Local family finds canning to not be so ‘scary’
When Terri Longing’s father-in-law, Mike, gave them fresh plums from his orchard, she didn’t know what she was going to do with them.
“I had several big bowls of plums, and there was no way we were going to eat them all,” Terri recalled. “So (my husband) Jeff suggested that I make plum jelly out of them.”
Terri admits the idea of canning was a little scary to her.
“I remember canning being this long drawn out process with a big pot,” Terri said. “I just found it a little intimidating so I’d never tried it.”
At Jeff’s request, Terri said she decided she would give it a try.
“We went to Atwoods and got all the stuff to do it with,” she said. “I think the pot cost like $25 so it’s very affordable, and the jars weren’t really that expensive either.”
Terri said she followed the instructions that came with her cooker during her first attempt/.
“I basically just followed these instructions,” she said. “They have how to do it, step by step instructions in there.”
Terri said what she didn’t learn from her instructions, she quickly picked up from her friend, Google.
“I did a little research on the Internet too,” she said.
Terri found her first batch of jelly to be time consuming because she opted not to use pectin in it.
“I didn’t use the pectin the first time so I had to go through several rounds of boiling and cooling to get it right,” she said. “It took me all day to do it.”
After experiencing the long, drawn out process of making jelly without pectin, Terri decided to go with using pectin, which is an agent that makes the ingredients gel to a jelly-like consistency.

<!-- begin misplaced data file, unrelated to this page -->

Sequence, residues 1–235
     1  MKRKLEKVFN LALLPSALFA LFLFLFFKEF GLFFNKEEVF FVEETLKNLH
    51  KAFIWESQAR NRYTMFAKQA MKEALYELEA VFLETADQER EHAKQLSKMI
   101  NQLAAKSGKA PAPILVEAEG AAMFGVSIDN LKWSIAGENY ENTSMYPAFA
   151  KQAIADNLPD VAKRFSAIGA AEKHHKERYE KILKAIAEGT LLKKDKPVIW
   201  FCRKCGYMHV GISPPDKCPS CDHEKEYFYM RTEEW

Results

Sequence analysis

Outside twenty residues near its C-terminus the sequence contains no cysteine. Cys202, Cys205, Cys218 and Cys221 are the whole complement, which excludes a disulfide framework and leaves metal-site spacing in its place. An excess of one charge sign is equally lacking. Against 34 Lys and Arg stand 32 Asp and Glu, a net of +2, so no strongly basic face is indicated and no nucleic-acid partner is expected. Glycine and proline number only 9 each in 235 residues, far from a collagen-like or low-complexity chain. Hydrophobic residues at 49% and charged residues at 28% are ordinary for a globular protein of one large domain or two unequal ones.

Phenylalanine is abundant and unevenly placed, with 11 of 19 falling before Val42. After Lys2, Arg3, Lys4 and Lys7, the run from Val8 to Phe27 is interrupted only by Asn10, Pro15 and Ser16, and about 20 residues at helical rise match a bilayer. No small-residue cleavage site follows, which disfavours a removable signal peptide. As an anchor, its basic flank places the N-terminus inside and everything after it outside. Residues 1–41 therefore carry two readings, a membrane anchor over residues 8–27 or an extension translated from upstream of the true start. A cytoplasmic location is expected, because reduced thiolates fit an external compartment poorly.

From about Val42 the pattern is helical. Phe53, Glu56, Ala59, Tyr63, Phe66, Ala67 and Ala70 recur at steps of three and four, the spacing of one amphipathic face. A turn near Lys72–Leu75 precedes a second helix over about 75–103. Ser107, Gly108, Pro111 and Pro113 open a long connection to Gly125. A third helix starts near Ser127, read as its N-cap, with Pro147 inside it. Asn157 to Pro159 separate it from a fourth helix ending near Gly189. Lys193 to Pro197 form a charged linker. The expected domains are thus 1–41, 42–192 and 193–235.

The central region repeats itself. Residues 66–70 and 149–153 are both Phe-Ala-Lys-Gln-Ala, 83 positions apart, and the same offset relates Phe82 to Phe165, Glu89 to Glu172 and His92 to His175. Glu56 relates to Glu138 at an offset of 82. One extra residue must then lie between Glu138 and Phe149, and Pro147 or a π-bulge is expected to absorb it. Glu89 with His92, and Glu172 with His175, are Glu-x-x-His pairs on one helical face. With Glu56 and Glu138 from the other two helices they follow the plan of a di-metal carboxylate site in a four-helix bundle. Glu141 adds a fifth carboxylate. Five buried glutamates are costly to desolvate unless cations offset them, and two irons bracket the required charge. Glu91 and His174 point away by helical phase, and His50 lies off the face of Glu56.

“Once I started using the pectin, each batch only took about 15 minutes,” she said. “The directions said 10 but I left mine in there for 15 just to be sure the jars were sealed good.”
Terri said every jar sealed perfectly and there were no problems with her jelly.
Still, she explained, the jars without the pectin did have the same consistency as the jars with the pectin it just took it longer to get there.
Terri also got fresh blueberries from her father-in-law’s orchard. She decided to freeze them, but she learned there’s a trick to freezing blueberries as well.
“I put a picture of my blueberries on Facebook, and (a friend) commented and told me not to wash them before I froze them, “ she explained. “Apparently, if you wash them before you freeze them, they get soggy.”
The Longings also have a garden at their home. Once the tomatoes are ripe, Terri plans to blanch, cut and freeze them as well.
“It’s amazing how much money you can save by canning and freezing your own fruit and vegetables,” she said.
While she isn’t committing to canning everything she has in abundance, Terri said this experience has made her see that canning isn’t quite as intimidating as she once thought it was.